In strict technical terms, however, the transaction is regarded as speculative only if it is settled by receiving or paying the difference in prices without involving the delivery of securities. It is so because, in practice, it is quite difficult to ascertain the intention. Some people regard speculation as nothing but gambling and consider it as an evil.
But it is not true because while speculation is based on foresight and hard calculation, gambling is a kind of blind and reckless activity involving high degree of chance element.
No only that, speculation is a legal activity duly recognized as a prerequisite for the success of stock exchange operations while gambling is regarded as an evil and a punishable activity. However, reckless speculation may take the form of gambling and should be avoided.
Participants in the the derivative Market : Hedgers, Speculators and Arbitrageurs
The following three broad categories of participants – hedgers, speculators, and arbitrageurs trade in the derivatives market.
Arbitrage is the simultaneous purchase and sale of equivalent assets at prices which guarantee a fixed profit at the time of the transactions, although the life of the assets and, hence, the consummation of the profit may be delayed until some future date.
The key element in the definition is that the amount of profit be determined with certainty. It specifically excludes transactions which guarantee a minimum rate of return but which also offer an option for increased profits. Arbitrageurs are in business to take advantage of a discrepancy between prices in two different markets (Eg : NSE and BSE) .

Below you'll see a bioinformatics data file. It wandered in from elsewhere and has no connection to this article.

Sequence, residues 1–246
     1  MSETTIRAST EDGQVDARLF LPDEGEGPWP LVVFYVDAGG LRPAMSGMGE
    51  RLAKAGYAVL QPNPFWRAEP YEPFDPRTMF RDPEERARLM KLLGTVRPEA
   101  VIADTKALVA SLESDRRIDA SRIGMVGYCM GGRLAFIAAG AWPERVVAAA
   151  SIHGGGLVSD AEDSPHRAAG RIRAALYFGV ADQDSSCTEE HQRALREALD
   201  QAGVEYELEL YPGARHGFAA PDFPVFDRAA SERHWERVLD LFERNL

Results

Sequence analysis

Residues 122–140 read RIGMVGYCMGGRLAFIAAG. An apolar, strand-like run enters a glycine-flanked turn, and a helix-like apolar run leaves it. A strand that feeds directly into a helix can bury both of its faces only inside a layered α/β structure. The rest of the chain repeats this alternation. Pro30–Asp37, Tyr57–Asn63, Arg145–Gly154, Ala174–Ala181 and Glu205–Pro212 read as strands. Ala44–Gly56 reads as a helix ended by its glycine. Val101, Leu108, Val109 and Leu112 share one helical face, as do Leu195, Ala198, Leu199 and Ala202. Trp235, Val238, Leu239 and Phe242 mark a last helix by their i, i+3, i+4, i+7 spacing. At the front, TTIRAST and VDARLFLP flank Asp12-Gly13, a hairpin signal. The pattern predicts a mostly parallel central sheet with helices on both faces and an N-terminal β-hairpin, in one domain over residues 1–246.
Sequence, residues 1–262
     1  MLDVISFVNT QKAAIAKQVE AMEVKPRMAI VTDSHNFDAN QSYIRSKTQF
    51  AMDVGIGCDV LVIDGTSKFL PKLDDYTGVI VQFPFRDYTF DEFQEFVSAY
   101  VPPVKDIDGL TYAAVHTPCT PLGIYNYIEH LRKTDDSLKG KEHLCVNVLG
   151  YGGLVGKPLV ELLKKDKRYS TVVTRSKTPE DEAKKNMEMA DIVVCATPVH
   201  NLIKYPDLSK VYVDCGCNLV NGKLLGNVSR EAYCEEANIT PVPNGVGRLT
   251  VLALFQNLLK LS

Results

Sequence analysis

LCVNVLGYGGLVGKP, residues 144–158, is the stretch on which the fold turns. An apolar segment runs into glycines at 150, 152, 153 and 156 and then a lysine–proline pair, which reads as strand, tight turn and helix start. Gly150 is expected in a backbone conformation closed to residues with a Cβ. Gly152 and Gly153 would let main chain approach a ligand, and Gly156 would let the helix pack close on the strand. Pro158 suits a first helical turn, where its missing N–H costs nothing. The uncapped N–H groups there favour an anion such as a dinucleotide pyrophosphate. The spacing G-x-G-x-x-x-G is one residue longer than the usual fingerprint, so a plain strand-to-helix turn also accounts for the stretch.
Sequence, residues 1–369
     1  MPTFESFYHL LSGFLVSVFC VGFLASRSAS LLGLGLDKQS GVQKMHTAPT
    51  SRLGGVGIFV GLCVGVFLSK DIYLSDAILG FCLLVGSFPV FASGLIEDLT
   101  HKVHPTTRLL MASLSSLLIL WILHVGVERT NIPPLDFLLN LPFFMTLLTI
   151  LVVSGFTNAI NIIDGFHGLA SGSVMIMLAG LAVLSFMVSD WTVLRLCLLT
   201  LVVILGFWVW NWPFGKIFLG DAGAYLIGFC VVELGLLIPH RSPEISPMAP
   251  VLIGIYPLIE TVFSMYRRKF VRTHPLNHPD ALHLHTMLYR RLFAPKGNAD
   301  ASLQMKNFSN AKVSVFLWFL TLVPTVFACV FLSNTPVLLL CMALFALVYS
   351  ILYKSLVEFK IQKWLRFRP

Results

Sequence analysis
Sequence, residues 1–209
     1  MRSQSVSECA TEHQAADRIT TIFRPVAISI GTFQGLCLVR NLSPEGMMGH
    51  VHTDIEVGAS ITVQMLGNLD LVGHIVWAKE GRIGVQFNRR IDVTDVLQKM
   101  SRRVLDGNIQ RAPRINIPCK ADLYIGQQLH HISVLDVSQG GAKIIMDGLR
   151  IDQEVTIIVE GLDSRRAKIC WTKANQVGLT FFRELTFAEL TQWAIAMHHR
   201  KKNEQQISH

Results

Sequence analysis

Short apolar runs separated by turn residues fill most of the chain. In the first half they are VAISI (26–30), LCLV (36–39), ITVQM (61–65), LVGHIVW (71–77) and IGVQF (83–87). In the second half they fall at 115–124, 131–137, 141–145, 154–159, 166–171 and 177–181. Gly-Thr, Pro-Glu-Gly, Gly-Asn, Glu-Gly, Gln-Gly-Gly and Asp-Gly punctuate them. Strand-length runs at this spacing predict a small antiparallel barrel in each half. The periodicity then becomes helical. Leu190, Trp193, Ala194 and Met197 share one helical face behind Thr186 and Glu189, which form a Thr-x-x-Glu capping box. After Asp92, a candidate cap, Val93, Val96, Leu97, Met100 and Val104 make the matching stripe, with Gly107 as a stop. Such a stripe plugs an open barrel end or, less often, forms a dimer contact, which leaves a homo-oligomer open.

If, for example, they see the futures price of an asset getting out of line with the cash price, they will take offsetting positions in the two markets to lock in a profit.
Hedging is the simultaneous purchase and sale of two assets in the expectation of a gain from different subsequent movements in the price of those assets. Usually the two assets are equivalent in all respects except maturity. Hedgers face risk associated with the price of an asset. They use futures or options markets to reduce or eliminate this risk.
Speculation is the purchase or sale of an asset in the expectation of a gain from changes in the price of that asset. Speculators wish to bet on future movements in the price of an asset. Futures and options contracts can give them an extra leverage; that is, they can increase both the potential gains and potential losses in a speculative venture. Day traders are speculators.
NB : While Hedgers look to protect against a price change, speculators look to make profit from a price change. Also, the hedger gives up some opportunity in exchange for reduced risk. The speculator on the other hand acquires opportunity in exchange for taking on risk.
- PS : Speculation involves high risk. Arbitrage involves limited risk. Hedging is done to avoid risk.
The concept of Short Selling
Short selling is the sale of a security that is not owned by the seller, or that the seller has borrowed. Short selling is motivated by the belief that a security’s price will decline, enabling it to be bought back at a lower price to make a profit.
Short selling may be prompted by speculation, or by the desire to hedge the downside risk of a long position in the same security or a related one. The risk of loss on a short sale is theoretically infinite.